Motorcycle accidents can leave riders so severely hurt that they never fully recover. Every year on Ohio roads, from Cleveland to Columbus and beyond, motorcycle crashes lead to deaths. Nearly 200 motorcyclist fatalities occur every year in the Buckeye state, with thousands more injuries.
At Plevin & Gallucci, our Cleveland motorcycle accident lawyers not only understand the pain you are going through, but also what it’s going to take to get your life back on track.
Ohio Motorcycle Accident Compensation: What damages can I recover?
Ohio is an at-fault state. This means that the person who is “at fault” for a motorcycle accident can be held accountable by those who are injured. State law protects the rights of motorcyclists by allowing them to seek damages if they are injured by someone else’s negligence. (Ohio Revised Code 2315.33)
An astounding 42% of all motorcycle crashes involve a vehicle turning left while a motorcycle is going straight or passing a vehicle. We also see a lot of head-on collisions. Many accidents are caused by speeding, driving while intoxicated, distracted driving, failure to signal, lane splitting, and reckless driving.
Our attorneys know that the injuries suffered in motorcycle wrecks can cause physical, financial, and emotional anguish for entire families. We can help you secure financial compensation for past and future medical bills, physical impairments and disfigurements, pain and suffering, lost wages and future earnings, loss of companionship, and loss of property. Our recent settlements and verdicts in personal injury cases involving injuries or death have ranged from very small, to up to $6M.
Ohio Motorcycle and Helmet Laws
Most motorcycle operators and passengers do not need to wear a helmet in Ohio, per state law. This, unfortunately, may lead to more injuries and deaths for those who choose not to wear a helmet: on average, in states without a universal helmet law, 59% of motorcyclists killed in crashes were not wearing helmets. Ohio does, however, require that novice riders and anyone under 18 years old wear a helmet while operating or riding as a passenger on a motorcycle. Additionally, all bikers, no matter their age or experience, must wear eye protection unless wearing a mask with a windscreen.
Ohio motorcycle insurance law says that you must insure your motorcycle. Liability insurance is the minimum insurance for motorcycles in Ohio.
What about lane splitting in Ohio?
Lane splitting in Ohio is a common concern for motorcyclists. Lane splitting, when motorcyclists share the lane with another vehicle to pass it, is legal in some states. In Ohio, motorcyclists must not ride more than two abreast in a single lane, except on paths that are specifically for motorcycle use. Motorcyclists and bicyclists should ride near the right side of the roadway as practical, except when “unreasonable or unsafe to do so”:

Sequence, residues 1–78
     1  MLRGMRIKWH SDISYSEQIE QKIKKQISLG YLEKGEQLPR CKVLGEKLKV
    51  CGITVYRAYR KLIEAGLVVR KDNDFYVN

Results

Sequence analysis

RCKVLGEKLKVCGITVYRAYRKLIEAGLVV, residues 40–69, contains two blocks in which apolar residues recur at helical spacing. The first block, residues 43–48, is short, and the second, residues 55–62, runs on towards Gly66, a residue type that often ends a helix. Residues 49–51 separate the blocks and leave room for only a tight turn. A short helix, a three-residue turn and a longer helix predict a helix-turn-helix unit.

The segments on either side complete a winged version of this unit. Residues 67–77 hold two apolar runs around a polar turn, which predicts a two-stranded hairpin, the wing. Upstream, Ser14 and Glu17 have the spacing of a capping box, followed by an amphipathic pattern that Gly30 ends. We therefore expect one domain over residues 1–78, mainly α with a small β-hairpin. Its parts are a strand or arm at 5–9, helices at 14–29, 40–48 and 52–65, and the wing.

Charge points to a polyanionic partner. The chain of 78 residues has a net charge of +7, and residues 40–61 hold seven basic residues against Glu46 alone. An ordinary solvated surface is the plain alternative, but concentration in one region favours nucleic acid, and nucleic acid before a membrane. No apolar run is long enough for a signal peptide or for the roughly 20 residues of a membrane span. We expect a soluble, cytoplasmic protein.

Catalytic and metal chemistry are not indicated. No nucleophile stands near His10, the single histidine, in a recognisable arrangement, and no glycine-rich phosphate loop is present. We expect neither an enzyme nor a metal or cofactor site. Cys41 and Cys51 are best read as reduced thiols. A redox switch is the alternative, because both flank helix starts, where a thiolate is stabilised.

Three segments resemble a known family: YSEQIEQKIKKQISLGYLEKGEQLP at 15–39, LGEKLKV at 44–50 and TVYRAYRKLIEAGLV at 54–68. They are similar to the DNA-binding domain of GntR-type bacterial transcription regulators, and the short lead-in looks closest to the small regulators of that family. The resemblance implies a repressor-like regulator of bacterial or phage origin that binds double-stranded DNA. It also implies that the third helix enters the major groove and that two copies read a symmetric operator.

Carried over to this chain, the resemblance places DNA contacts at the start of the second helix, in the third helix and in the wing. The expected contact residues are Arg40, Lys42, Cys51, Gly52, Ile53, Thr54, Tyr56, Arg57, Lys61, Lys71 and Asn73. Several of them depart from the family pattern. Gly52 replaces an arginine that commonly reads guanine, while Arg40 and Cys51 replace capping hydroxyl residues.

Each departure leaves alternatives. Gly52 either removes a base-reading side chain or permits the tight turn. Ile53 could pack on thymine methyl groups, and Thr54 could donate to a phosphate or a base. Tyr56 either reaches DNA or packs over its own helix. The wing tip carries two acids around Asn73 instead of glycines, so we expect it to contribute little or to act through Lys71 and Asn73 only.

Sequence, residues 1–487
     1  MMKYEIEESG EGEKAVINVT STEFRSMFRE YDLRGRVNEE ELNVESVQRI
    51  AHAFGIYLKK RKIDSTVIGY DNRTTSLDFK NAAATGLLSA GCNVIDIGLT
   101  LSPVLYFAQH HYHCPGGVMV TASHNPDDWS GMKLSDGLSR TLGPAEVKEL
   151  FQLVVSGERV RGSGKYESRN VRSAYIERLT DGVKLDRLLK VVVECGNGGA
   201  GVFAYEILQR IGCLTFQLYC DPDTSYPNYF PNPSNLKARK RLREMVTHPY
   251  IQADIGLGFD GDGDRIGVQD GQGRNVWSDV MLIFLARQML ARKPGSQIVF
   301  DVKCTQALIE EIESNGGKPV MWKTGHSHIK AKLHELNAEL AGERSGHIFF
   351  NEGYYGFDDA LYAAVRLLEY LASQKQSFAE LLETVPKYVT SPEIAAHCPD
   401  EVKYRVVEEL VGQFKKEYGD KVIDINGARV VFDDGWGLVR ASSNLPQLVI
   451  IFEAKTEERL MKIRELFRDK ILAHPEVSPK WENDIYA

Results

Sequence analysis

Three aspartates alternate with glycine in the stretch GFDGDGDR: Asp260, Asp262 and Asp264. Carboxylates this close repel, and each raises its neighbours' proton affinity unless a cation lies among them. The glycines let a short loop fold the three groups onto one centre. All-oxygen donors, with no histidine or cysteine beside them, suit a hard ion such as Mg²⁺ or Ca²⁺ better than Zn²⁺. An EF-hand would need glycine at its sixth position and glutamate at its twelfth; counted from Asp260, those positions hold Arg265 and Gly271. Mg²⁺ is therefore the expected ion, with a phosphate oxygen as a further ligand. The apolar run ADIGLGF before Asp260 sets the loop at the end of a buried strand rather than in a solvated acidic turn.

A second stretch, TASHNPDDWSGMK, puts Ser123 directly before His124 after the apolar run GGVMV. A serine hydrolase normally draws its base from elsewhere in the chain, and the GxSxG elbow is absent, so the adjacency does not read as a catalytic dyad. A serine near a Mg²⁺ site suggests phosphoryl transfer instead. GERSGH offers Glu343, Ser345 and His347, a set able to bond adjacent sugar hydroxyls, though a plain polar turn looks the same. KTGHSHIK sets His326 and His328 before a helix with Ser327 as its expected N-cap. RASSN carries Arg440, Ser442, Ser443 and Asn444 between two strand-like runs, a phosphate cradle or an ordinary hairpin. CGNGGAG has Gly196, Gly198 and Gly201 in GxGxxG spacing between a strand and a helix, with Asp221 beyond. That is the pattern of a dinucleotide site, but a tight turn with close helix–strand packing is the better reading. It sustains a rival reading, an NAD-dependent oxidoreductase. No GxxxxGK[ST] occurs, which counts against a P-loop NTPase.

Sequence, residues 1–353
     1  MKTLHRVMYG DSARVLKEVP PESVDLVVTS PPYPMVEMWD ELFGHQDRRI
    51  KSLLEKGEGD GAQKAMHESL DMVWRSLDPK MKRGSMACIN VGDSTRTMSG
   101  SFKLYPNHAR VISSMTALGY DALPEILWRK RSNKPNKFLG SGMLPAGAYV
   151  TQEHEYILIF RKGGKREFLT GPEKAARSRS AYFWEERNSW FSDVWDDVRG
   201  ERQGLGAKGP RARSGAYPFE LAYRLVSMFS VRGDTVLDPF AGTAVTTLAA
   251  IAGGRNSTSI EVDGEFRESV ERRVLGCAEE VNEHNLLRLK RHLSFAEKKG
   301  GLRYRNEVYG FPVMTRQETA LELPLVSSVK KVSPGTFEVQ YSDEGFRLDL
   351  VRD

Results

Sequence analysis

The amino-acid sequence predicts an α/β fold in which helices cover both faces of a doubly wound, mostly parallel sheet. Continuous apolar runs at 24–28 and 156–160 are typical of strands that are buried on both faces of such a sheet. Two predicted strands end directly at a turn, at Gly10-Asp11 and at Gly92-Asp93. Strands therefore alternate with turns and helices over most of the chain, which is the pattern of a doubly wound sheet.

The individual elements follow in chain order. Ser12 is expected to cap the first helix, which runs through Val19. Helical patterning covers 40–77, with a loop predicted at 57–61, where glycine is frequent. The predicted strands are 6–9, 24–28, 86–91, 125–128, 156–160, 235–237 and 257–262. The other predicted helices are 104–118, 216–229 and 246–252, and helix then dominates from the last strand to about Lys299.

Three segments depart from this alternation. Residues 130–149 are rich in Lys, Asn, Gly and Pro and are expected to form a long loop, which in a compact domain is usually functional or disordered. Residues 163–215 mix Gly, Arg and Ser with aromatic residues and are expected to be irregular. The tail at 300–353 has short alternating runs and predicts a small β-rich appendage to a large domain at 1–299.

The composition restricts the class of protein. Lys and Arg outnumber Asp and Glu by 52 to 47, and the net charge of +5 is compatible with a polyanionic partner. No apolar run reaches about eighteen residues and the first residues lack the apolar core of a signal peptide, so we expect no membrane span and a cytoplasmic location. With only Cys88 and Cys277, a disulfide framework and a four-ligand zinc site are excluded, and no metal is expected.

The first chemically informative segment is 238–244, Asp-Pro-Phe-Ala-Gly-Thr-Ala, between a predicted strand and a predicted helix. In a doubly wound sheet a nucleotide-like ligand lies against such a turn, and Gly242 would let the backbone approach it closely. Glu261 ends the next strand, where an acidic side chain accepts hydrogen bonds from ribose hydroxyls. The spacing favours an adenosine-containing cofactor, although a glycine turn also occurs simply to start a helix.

Conditions that may require riding away from the edge of the roadway include when necessary to avoid fixed or moving objects, parked or moving vehicles, surface hazards, or if it otherwise is unsafe or impracticable to do so, including if the lane is too narrow for the bicycle and an overtaking vehicle to travel safely side by side within the lane. (O.R.C. 4511.55)
Ohio Motorcycle Accident Injuries and Ways to Prevent Them
Besides a helmet, there is little to protect a motorcycle rider from his or her surroundings. You are 40 percent more likely to die in a motorcycle crash if you’re not wearing a helmet. At the very least, in a motorcycle accident involving another vehicle, the biker almost always suffers the worst injuries.
Here are the most common motorcycle accident injuries our office comes across:
- Broken bones and fractures
- Road rash
- Traumatic brain injuries
- Spinal cord injuries
- Muscle damage
- “Biker’s arm” (when a rider holds out his or her arm to brace their fall)
- Injuries to the knees and feet
While you can never be completely protected from motorcycle accidents, the following steps will greatly reduce your chances of being involved in a motorcycle crash:
- Purchase helmets that fit well and bright clothing that increases visibility.
- Never drink and drive.
- Ride the speed limit and don’t tailgate.